THE NEW PARLIAMENT L C N Arkwright,, J. S., Hereford. — 1 — Armitage, R, Leeds Central 1 — — Agnew, G., W., Salford. West 1 — Anson, Sir W. R., Oxford Uni. — 1 — Barlow P., Bedford 1 — Barker, J* Falmouth and Penryn 1 -0 — Boyle. Sir E., Taunton — 1 Beliairs, W C, King's. Lynn 1 — — Buckmaster, J C, Cambridge 1 — — Barran, R H, Leeds N 1 — — Broadhurst, H, Leicester 1 — — Bowles, G S Lambeth Norwood — 1 — Bowerman, C W, Deptford 1 — — Birrell, A, Bristol N 1 Baring G., Winchester — 1 Barnard, E. B., Kidderminster 1 — — Benn, J. W., Devonport 1 — — Burt, T. Morpeth 1 — — Bell, R., Derby 1 — Belloo, H., Salford S 1 — — Bright, J. A., Oldham 1 — — ByHes, W.. P., Sa:tfo-rd In 1 — Bryoe, Hon. J., Aberdeen S. 1 — — Cairns, Thos 1 — — Campbell-Bannerman Sir H. 1 — Cecil Lord R.. Marylebone. E — 1 — Clancy, J. J., Dublin N. — — 1 Cuilinaoti, J., Tipperary, S — 1 Cogan, D. J., Wicklow L' —• — 1 Crosfield, A. H., Warrington 1 — — Cremer, W. R., Shored itch 1 — — Collins, Sir W., St Pancras, W. 1. Cox, H., Preston 1 — Collins, S., Lambeth 1 — — Campbell.Sir J A M, Dublin TJni. — 1 — Carson. Sir E., Dublin Uni. — 1 — Cnurchin. W.. Manchester,N.W. 1 Clyne", J., Manchester, N.E. 1 Cheetham. J. F., Stalybridge 1 — — Chance, F. W.. Carlisle 1 — Cobbold, F.. Ipswich 1 — Doughty, Sir G., Grimsby — 1 i Devlin, C. R., Galway — — 1 Dickenson, W H, St Paneras 1 — Davies, W. H., Bristol S 1 — — Dobaon, T. W., Plymouth 1 — — Du Cros, H., Hastings — 1 Evans, S. T.. Mid. Glam 1 — — Esmonds, Sir T H W. Wexford — — 1 Emmett, A., Oldham 1 — Flavin, M. J., Kerry N — 1 Field, W., St Patrick, Dublin — — 1 Faber, G. H., Boston 1 — Faber, G. D., York I Furne's, Sir C., Hartlepool 1 — Ford. Goddard, D., Ipswich 1 Forster, Arnold H 0, Croydon 1 Fowler Sir H, Wolverhampton. E 1 Gill, A. H., Bolton 1 Greenwood, H., York 1 Gibbs, G. A., Bristol W 1 Gladstone. Rt. Hon H J, Leeds N I — Greenwood G, Peterborough 1 Gooch, S G, Bath 1 „ Harwood, G, Bolton 1 r:|raydon, J T, Roscommon S — — i iall, F, Normanton (Yorks) 1 Healy, T M, Louth N 1 Holland, Sir H, Rotherham 1 — Horvey, Capt., Bury St Edmunds 1 Hobhouso. C EJ, Bristol U 1 Hay, C G, Shoreditch (Hoxton.) 1 Harvey, A G, Rochdale 1 — Hamilton, Marquis of Loiid d-Brrv 1 Horridge, T G, Manchester E 1 Haworth, A A, Manchester S 1 Hooper, A G, Dudley 1 Hudson, Walter 1 Iilingworth, P, Shipley 1 L-aacs, Rufus, Reading 1 Jackson, R S, Greenwich 1 Jones, B, Swansea District 1 Jowett, F W, Bradford W 1 Joyce, M, Limerick Cihl 1 Jenkins, John, Chatham 1 Kelly, G, Manchester S.W. 1 Kitson, Sir J, Colne Valley 1 Koarley, H E, Devonport 1 Lambert G, Devon (St Molton) 1 Lea, H C, St Paneras E 1 Limbtor., P W, Durham S.E. 1 Lowther, J W (Speaker) Penrith — 1 „ Lough, T, Islington W 1 —, Lundon, W, Limerick E. i Lonsdale, J B, Armagh 1 Legge, Co'i H, St Geo's, Han'er-sq 1 Lamb, E H, Rcchoster 1 Langley J ii, Sheffield (Attercliff) 1 —- — Macdonald, J R, Leicester 1 Morgan, J Llovd, Carmarthen W 1 — —- MoVeagh, C, Donegal B i Mj, H, Lambeth N 1 Macpherson, J T, Preston 1 Maddison, F, Burnley 1 Mallet, C E, Plymouth 1 — Masterman, 0 F G, West. Ham N 1 — Maclean, D, Bath 1 MoCallum, J M, Pais'ley 1 — Nannetti, J P, Dublin (Col Green) „ 1 Norton, Capt C W, W Newington 1 — Norman, H, Wolverhampton S 1 O'Brien, P, Kilkenny 11 O'Brien, W O, Cork j O'DonneH, C J, New'ton (W'worth) 1 0 Grady, J, Leeds E 1 Pirie, D V, Aberdean N 1 Paul, H, Northampton 1 Parker, J., Halifax 1 j Parker, Sir G., Gravesend 1 ] Priestley, E B, Bradford E 1 — _J Pease, H Pike. Darlington 1 Pearson, Sir W D, Colchester" 1 j Phillips, Col Ivor, Soutnampton 1 Radford, G H, Islington E 1 —s Redmond, J E, Watcrford 11 Richards, T, Münmouth W 1 Richards TF, Wclverhsmtpon W 1 — — Roche, A, Cork Rohorts, G H, Norwich 1 I Robcrtsaon, Sir G S, Bradford"^ 1 Roe, Sir T., Derb-i 1 — Rea, W Russell, Scarboroup-h 1 — Redmond, W, Clare PJ i Roberts, H, D'bigh (Vale of Clwvd) 1 Roberts. S, Sheffield (Eodesall) 1 Roberts, C, Lincoln l_ Rea, Russell, Gloucester 1 Shipman, Dr J G, Northampton 1 Shaw, C E, Stafford 1 — ^ann. C5 E, Manchester N 1 — Scott, Sir E, Marvlebone W 1 S?ott, A H Ashton-under-Lyne 1 — — 1,H L:™be'th (Brixton) 1 Stuart. Wortley, Sheffield Hallam 1 Talbot, J G, Oxford University — 1 Tayior A East Toxteth, Liverpool 1 Til?Ifn'9'nWT ^st Ham S 1_ Tillet, Q J, Norwich l loulmin, G, Buryt Vincent, Sir H, Sheffield C. 1 Walton, J, Barnsley i ■«Ta,, n» I^eds S 1 W^Tr3I J J', Sheffield (Beside) 1 w ^ke-on-Trent 1 Ward, D, Southampton 1 Waterlow D S, Islington N "i; 1 I: Wallace, R., Perth 1 WhiteJev "j H, Halifax 1 Z Wi son, W P, St Paneras S 1 H Jilson, J H, Mid-Durham 1 Wiles, T, Islington S i Wolff, G W, Belfast East i Woodhouse Sir J T, Huddersfield 1 Z TVyndham, Rt Hon, H C Dover i Abraham, W, Rhondda Valle- 1 i Burke, E H King's Co Tullamore i Cairns, T, Newcastle-on-Tyne l Condon, T J, Tipperary' Crean, H, Cork, S.E. J n ei Sir.C W, Forest of Dean 1 Z Don elan, A J C, Cork, E ~T ^arreii, J P, Longford N } Gill, A H, Bolton Jordan, J Fermanagh^S Z Hanvood, G, Bolton i Hudson, W, Newcastle-on-Tyne l Kennedy, V P, Cavan, W -i Macdonald J R, Leicester' lZ Stuait-Wortley, C B, Sheffield 1 1 McKeen, J, Mona^han S Moss S, Denbigh E i p,Mansfieldi z McHugh, P, Sligo. N "7 nl>r<an' kouth S 7 o Connor, James, Wicklow W"" } O Shaughnessey, p, Limerick W Z i O Donneil, T, Kerrv, W } Power, P J, Waterford ..j; Z J J Sr Carnarvon, Eifion 1 O Dohertyi, W., Donegal N. Z Z S^7n°^ J$n> KiWaro, N Z } king's County Birr } Smith, T., Leitrim, S Z } Sheehy, D, Meath S 1 Saunderson, Col., Armah N 1 Sheehan, D D.. Cork, Sid .Z Z Z Thomas, Abel, Carmarthen E 1 Thomas, Sir Alferd, Glam. E 1 JJilhama, A O MerionethshiVe 1 Z Horniman. E. J., Chelsea 1 Cornwall. SirJU..Bth. Green 1 Z PiokersgiTl,E H. Beth Green SW 1 VUhors F. A. Bright^ W Ridsdale, E. A., Brighton 1 Valentia, Lord, Oxford wVdj', °^G' Wednesburr" 7 War die, G. ,T., S^oeWt 1 Duckworth, J.. Stockport i McCrae. G.. Fdinbur^h E i Da^CTBraSb,Ir £ h °entra' } Melver, Sir L, Edinburgh w' Z Z R4'\rnnRnt..T T, Finsbury(Holborn) 1 fell, A., Great Yarmouth — I — r Priestly A., Grantham J. 1 Cherry, R R. Liverpool (E>k..) 1 — MacIver, D, Liverpool (Kirkdale) 1 Houston, R P L'pool (W Toxtethj 1 — Seely, Major J E B, Liverpool (Abercromby) 1 Banner, J S H, L'pool (Everton 1 O'Connor T P (L'pool (Scotland) — l Glover, Ili., St. Helens 1 Newnes, Sir G, Swansea 1 Rutherford, W W, Liverpool,, West Derby I 1 Duncan, C, Barrow-in-Furness 1 Ropner, Sir R, Stockton Z 1 Mason, J F, Windsor i Nusseyi, T W, Pontefract i Sassoon, Sir E, Hvthe 1 Smith, F E. Liverpool (Waiton) 1 Dunciman, W, Dew^ourv i Hill, Sir C L, Shrewsbury i Berridge, T H, Warwick ""and Leamington 1 Vivian, H Birkenhead l Edwards, E, Hanley 1 Wilson, J H, Middlesboroup-h 1 Burns, J, Battersea i Hazel A E W, West Bromwich 1 Hornby, Sir W, Blackburn 1 Snowden, P., Blackburn 1 Mason, A S W, Coventry 1 — Wedgewood, J E, Newcastle- under-Lyne Raker, J A, Finsb'u'ryE" 1 — Bull Sir• W J, Hammersmith 1 — Burdett-Coutts, W A B West- minister 1 1 Smith, F. W. ij,, Strand — 1 — J™' Gordon, Sir W., Stepnev 1 Strauss,. B. S., Mile End 1— — Samuel, S. M., Whitechapel 1 R^ama.r^;r- J Camberweli. 1 P^ WT' w and Bromlev 1 — — Pearoe, W., Limehouse 1 — i- J., Rotnerhith- 1 Z Georges in the E 1 — — iCauston, g. K., Southwark, W. 1 ptr t a Kensington N 1 — — ;P~rcy Lord, Kensington, S — 1 — PmviVl Q ^t0a J Cant'burv 1 Powell, Sir F. S., Wigan — 1 Craig, J Tynemouth 1 — '(l™irgham..C!ntr.01 lJ Z' Coliings j., Birmingham — 1 — Chamberlain, J., Birmingham — 1 — Lowe, glr F w Ed2ba.st.on 1 M ^i°n' J"' Gateshead 1_ Middlemore, T J, Birmingham N — 1 — Morpeth, Lord, Birmingham S Fardel IT T P ^1rminSham E — 1 arcien, i J Paddmgton 1 Spmer, A- Hackney Central 1 _Z Crooks, W., Woolwich 1_ Davies, T Hart, Hackney N 1 — — Harris F R, Dulwich 1 Brotherton F H, Wakefield I Castlereagh, Lord, Maidstone I c8' South Shields 1 — Tenant E P, Salisbury I „ gocil, E., Aston Manor 1 Whitehaven" I i°n' £ °' P°P'ar 1 —- Clarke, C G Peckham 1 — letcher, J S, Hamnstead 1 Hackney S 1 Cooper, G, Bermondsey 1 Money-Chn.za, Paddington"1 i-H' tljlns?ham W — 1 -Z Cotton, Sir H J S, Nottineham E 1 — Kekewieh, Sir G W. Exeter 1 Williamson, G H. Worcester 1 Dunn Major BM. Walsall 1_ _| Richardson, A, Nottingham S 1 ^tewart. H, Greenock i Money R G H, Newry Z i Shaw. T L, Hawick ■« Hon Ivor, cWiff 'Z'.ZZ 1 ^illiams• Llew Carmarthen B 1 — Tliomas, D A, Merthvir i Hardie, Keir, Merthyr i Z Steadman. W O. Finsbury C 1 H Samuel. H L. Cleveland t McNeill Swift, Donegal S 1 Crm'fr. Curtis. Antn'm S t O'Dowd. -T. Sligo S | Hogan M. Tipoer-ar^ J ,T W^t^rford D«vie«. Da vid. Mont.*?omery i 7^ M^rley, Yorks 1 TTil'ride. D, Kild.nrp$i fliVe. F Lonf^ord 1 d. J p KffWst ] ^oddvi, M. Kinn- i J i Roche, J, Galway j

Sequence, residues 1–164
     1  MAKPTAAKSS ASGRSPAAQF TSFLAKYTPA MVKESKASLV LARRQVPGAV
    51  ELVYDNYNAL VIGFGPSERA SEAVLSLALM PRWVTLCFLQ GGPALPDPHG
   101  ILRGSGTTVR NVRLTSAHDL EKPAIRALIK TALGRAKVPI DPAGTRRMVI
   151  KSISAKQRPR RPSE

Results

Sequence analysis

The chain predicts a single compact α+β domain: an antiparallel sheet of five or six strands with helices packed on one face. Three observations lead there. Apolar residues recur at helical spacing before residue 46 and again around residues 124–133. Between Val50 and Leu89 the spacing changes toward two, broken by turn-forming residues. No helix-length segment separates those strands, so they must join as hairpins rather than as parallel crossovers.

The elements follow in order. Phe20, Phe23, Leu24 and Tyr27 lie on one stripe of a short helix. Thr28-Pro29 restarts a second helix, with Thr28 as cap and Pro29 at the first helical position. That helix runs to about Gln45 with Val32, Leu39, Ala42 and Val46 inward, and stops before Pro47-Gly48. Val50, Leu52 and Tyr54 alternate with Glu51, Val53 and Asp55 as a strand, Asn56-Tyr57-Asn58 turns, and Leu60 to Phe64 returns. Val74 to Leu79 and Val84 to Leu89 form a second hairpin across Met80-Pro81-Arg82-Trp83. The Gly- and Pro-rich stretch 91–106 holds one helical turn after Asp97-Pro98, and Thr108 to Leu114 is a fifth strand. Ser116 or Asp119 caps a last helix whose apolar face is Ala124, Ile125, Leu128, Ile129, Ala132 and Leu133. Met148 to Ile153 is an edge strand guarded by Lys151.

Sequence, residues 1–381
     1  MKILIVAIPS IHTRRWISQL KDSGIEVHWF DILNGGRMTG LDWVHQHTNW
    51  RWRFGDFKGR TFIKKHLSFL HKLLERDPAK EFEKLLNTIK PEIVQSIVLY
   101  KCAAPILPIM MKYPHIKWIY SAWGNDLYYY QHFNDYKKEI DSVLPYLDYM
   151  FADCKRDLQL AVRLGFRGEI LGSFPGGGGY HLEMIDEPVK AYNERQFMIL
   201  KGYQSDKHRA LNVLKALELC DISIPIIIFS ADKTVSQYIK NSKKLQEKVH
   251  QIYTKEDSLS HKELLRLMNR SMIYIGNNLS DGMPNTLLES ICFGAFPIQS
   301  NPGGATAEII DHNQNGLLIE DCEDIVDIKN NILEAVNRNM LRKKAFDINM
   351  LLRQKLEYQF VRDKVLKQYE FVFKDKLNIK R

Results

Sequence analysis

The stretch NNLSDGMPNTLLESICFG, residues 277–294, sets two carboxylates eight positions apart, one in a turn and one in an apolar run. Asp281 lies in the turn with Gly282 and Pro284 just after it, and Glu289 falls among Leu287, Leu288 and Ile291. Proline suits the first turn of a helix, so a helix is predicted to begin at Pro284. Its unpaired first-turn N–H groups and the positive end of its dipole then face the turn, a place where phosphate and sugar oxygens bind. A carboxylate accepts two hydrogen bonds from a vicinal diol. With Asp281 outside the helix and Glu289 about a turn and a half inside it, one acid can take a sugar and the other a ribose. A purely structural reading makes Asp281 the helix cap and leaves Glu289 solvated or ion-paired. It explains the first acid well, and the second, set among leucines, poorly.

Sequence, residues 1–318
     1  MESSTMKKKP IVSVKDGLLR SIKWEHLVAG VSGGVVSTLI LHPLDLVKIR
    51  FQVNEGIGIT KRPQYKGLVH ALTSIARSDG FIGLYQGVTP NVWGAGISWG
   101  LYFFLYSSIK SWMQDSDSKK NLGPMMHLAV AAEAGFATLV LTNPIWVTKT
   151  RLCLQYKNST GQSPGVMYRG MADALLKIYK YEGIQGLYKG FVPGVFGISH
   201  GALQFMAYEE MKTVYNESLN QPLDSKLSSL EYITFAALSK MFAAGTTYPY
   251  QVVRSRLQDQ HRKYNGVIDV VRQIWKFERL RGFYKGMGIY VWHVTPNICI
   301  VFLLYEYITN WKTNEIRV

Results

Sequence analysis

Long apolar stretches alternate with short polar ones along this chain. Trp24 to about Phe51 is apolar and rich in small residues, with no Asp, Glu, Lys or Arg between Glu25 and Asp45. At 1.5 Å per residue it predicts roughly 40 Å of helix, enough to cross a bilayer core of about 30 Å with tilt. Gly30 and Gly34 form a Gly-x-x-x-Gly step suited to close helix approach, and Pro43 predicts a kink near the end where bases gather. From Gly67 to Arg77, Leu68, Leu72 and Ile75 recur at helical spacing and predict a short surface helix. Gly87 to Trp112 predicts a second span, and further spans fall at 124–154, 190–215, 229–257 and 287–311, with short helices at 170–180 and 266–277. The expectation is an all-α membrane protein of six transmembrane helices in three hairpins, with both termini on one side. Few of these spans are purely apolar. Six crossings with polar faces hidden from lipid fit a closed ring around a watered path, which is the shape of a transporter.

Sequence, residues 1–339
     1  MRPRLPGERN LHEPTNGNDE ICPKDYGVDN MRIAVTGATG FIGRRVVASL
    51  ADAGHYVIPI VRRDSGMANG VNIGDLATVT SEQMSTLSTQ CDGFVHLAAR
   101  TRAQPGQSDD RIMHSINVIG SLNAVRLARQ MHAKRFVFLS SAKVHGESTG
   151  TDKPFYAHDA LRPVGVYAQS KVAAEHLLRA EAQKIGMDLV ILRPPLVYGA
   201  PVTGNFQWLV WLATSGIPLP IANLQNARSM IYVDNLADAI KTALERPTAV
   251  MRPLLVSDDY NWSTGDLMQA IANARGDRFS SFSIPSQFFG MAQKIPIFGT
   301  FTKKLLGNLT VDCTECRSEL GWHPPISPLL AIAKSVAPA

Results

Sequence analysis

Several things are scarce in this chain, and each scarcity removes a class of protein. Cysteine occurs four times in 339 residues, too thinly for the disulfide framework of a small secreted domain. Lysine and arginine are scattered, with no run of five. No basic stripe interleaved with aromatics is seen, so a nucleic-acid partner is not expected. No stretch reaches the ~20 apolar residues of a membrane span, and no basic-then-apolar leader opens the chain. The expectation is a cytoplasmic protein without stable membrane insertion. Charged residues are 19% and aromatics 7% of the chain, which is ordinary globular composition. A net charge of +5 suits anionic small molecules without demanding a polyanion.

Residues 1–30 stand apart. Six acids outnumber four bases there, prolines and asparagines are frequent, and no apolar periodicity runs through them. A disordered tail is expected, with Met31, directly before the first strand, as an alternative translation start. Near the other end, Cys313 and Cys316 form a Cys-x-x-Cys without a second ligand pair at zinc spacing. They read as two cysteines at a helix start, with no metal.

J C0RWEN rfew if tA tnceLin« of the local was Mrf m A Temperance Association j £ sunrlay evening last at the Genera! aitmg Room of Corvven Railway Station. Mr address"' M* H'S° Hn ^ccllent and Mr^^nS if 1 merSa,,Ra Welsh solo, Oiilrl Th w r aJ,s° sa"« The Drunkard's oil v Davies- Corvven, also cave an address on Temperance. Miss Appleton ablv presided at the harmonium. Brakdown.-Olle of the road motor 'buses KroV Ann Cor wen and Bettwsycoed, broke down on Saturday last, and had to be drawn by a traction engine to Corwen. Servants Ball and Supper.-A servants' ball and supper was given by the Hon C. H. and Mrs )}x yn,n,,? £ Thursday evening of last week 1 he ball commenced at nine p.m. and continued untl twelve p.m„ when all piUi*parS ot excellent supper prepared in the dinin- room During the supper, Mr Bennett proposed health of the Rug family, and Mr Hi2s Dro posed a similar toast to the cooks at K nP ingthen proceeded until shortly^ after ?^Dano" on Friday morning, all present havfj T enjoyed themselves. The act-omrS y Miss G. Williams, Corwen and Prnff'" ST>Wer9 Warhurst, Rhyl. ,and lessor Bryan Cookery Classes.—A cookery class ti»a a t- > a series, was held at the Assenfhi^ U 8 ° leyan Chapel nightly Inst woat the.Welsh Wes- w-» wellflMed o^e^hScSI;: 'he formed a t emporary Reform1 CIu\ have nightly at the committee w,hich is hf,ld thepurposeofreceivino-th<A,. etHall, for Election contests? bXeen pU,lS °f thS Gener^ o clock p.m. It i3 packed f«vr»« ^ein a" twelve and excited liberals. night with zealous Organ Recitals.—:rwnnf„„„ at. the Parish Church Onw recitals were given The first one at thrJ „ ^en' /riday last. 7-30 p.m.. the artistp<» K^- ^kV second at of Rhyl, Mr Harrv Warhurst, tfesta Jones the r ^,nncane» London, Miss Bev Peter Jones of Rhvl^Th "rh^i?' and filled at three n m » J m DChurch Wa" wel1 purposèof commencing the pro¡z;ramme with a Mal-ell (Sur un theme de (Alex Guli- mant), and (varied) trom 1st Symphony 1\1 iss Nesta Jones then rendered "Abide with me" (Liddle) in a creditahle manner. (a) Bt!rceue (Lud wig Schztte). (0) Volksleid (wol- After a hymn had been sung, Mr Miss Nest.a this was b:r. "The and Otfertoire in D standing m the ailses and at fhPP'i,y' sSores Churciu The first item on the p?0Zear of the .M0/I°nation Anthem,- from 7^aie wLas [Priest 1 (Handel); song "AlnniZ ^adoc, the Miss Nesta Jones » Ariaeio- f" ° o the Raft," 10 (Beethoven); violin ^olo •'T ^0nata. o.p. Beriotl, Mr Finncane; Tocatco m1CLa"te <De Z10 the Lord our God," from the Son8< (Gaul) the Rev Peter Jones Ri)vi City*" man deserves a word of sne( i'l!" -,s Sentle- excellent manner in which Pl'a!Se for the difficult song. "Chorus of A ,rc,l?<,ered this request; this was the fiSesf b? S <C,ack>. »>7 [gramme. Hymn son* a c lng on Pro- KIVNIG (Allister), Miss Nest» T "g of Thanks- (Chopin) viclin solo ones '■> Nocturne This ditficulc piece was «rluance (Svensdon). Finncane, who proved hin.^ il rendered »>y Mr violinists who has ever v^ £ one of the »b,esL toire," Lefeburn (W Fl JflfcAerd Corwen- terminated one of thZ Warhurst. This recitals ever held in the^successful or8an